A look at the shareholders of SOHO China Limited (HKG:410) can tell us which group is most powerful. Insiders often own a large chunk of younger, smaller, companies while huge companies tend to have institutions as shareholders. I generally like to see some degree of insider ownership, even if only a little. As Nassim Nicholas Taleb said, 'Don’t tell me what you think, tell me what you have in your portfolio.
SOHO China has a market capitalization of HK$14b, so we would expect some institutional investors to have noticed the stock. In the chart below below, we can see that institutions own shares in the company. Let's take a closer look to see what the different types of shareholder can tell us about 410.
What Does The Institutional Ownership Tell Us About SOHO China?
Institutional investors commonly compare their own returns to the returns of a commonly followed index. So they generally do consider buying larger companies that are included in the relevant benchmark index.
We can see that SOHO China does have institutional investors; and they hold 6.6% of the stock. This implies the analysts working for those institutions have looked at the stock and they like it. But just like anyone else, they could be wrong. When multiple institutions own a stock, there's always a risk that they are in a 'crowded trade'. When such a trade goes wrong, multiple parties may compete to sell stock fast. This risk is higher in a company without a history of growth. You can see SOHO China's historic earnings and revenue, below, but keep in mind there's always more to the story.
We note that hedge funds don't have a meaningful investment in SOHO China. There are a reasonable number of analysts covering the stock, so it might be useful to find out their aggregate view on the future.
Insider Ownership Of SOHO China
The definition of company insiders can be subjective, and does vary between jurisdictions. Our data reflects individual insiders, capturing board members at the very least. Company management run the business, but the CEO will answer to the board, even if he or she is a member of it.
Insider ownership is positive when it signals leadership are thinking like the true owners of the company. However, high insider ownership can also give immense power to a small group within the company. This can be negative in some circumstances.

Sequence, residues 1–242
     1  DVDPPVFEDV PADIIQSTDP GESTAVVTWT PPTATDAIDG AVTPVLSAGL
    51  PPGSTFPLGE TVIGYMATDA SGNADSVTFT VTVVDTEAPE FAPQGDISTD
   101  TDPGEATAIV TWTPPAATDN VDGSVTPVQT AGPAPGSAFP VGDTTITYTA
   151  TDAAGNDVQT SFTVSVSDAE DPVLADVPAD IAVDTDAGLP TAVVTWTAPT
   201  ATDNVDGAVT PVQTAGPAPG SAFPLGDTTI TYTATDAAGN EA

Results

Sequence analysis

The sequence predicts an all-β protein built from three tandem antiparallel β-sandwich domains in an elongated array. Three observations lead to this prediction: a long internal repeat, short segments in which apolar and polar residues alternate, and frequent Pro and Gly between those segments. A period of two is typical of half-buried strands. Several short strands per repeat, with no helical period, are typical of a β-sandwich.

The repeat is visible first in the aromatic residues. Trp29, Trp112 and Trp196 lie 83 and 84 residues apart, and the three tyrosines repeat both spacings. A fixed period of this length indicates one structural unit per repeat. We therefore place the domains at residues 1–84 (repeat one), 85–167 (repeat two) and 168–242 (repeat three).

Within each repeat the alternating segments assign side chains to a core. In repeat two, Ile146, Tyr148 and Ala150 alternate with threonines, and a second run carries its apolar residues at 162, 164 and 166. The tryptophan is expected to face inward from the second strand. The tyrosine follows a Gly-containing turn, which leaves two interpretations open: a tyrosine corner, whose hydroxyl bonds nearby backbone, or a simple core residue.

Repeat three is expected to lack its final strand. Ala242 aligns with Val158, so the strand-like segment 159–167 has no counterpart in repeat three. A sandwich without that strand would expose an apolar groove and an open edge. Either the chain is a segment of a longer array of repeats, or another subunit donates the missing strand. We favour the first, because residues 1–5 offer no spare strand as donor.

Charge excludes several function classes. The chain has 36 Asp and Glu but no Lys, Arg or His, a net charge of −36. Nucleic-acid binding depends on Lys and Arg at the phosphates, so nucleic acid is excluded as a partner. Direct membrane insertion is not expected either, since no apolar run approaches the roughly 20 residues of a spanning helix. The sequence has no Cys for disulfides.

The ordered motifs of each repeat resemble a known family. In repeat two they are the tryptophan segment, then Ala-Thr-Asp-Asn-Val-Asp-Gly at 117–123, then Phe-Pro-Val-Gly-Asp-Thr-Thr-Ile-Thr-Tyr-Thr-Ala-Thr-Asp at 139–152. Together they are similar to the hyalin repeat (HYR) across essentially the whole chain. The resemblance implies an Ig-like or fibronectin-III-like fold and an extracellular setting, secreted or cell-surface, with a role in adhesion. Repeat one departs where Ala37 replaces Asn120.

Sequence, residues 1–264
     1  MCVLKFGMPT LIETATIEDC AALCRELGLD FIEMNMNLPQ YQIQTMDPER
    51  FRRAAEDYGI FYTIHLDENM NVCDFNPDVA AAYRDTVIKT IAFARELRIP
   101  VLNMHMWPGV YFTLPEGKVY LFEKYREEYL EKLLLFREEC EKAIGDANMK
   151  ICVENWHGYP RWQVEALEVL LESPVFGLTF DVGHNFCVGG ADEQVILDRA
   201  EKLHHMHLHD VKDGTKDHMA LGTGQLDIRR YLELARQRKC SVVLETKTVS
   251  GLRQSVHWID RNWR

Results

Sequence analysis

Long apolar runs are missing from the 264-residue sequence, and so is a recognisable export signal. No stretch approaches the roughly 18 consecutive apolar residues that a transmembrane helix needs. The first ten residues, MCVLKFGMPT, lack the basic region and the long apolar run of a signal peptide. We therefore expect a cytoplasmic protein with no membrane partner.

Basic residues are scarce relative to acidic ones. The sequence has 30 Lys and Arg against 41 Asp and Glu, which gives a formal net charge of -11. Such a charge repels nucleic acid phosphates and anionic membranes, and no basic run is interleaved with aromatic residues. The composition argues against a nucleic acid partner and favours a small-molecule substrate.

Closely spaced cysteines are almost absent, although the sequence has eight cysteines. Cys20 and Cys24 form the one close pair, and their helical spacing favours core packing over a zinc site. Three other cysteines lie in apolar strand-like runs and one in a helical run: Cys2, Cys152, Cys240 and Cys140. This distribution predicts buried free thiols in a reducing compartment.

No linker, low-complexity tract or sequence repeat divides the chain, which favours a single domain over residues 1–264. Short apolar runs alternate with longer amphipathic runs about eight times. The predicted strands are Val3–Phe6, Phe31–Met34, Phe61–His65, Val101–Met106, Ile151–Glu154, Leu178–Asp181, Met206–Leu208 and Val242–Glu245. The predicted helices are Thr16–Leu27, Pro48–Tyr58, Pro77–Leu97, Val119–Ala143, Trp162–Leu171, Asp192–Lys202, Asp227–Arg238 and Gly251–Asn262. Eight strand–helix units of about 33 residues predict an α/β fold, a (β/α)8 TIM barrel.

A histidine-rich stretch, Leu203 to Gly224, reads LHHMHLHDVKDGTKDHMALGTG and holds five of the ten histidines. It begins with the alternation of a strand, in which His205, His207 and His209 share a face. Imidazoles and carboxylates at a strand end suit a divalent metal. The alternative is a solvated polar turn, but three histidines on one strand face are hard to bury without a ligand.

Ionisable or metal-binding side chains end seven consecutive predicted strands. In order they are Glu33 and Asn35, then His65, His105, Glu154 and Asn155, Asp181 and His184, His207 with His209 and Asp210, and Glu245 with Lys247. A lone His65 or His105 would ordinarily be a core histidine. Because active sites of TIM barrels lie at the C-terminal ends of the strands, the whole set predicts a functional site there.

It seems insiders own a significant proportion of SOHO China Limited. Insiders own HK$4.6b worth of shares in the HK$14b company. That's quite meaningful. Most would say this shows a good degree of alignment with shareholders, especially in a company of this size. You can click here to see if those insiders have been buying or selling.
General Public Ownership
The general public holds a 29% stake in 410. While this group can't necessarily call the shots, it can certainly have a real influence on how the company is run.
Private Company Ownership
We can see that Private Companies own 32%, of the shares on issue. It's hard to draw any conclusions from this fact alone, so its worth looking into who owns those private companies. Sometimes insiders or other related parties have an interest in shares in a public company through a separate private company.
It's always worth thinking about the different groups who own shares in a company. But to understand SOHO China better, we need to consider many other factors.
I always like to check for a history of revenue growth. You can too, by accessing this free chart of historic revenue and earnings in this detailed graph.
Ultimately the future is most important. You can access this free report on analyst forecasts for the company.
NB: Figures in this article are calculated using data from the last twelve months, which refer to the 12-month period ending on the last date of the month the financial statement is dated. This may not be consistent with full year annual report figures.
We aim to bring you long-term focused research analysis driven by fundamental data. Note that our analysis may not factor in the latest price-sensitive company announcements or qualitative material.
If you spot an error that warrants correction, please contact the editor at email@example.com. This article by Simply Wall St is general in nature. It does not constitute a recommendation to buy or sell any stock, and does not take account of your objectives, or your financial situation. Simply Wall St has no position in the stocks mentioned. Thank you for reading.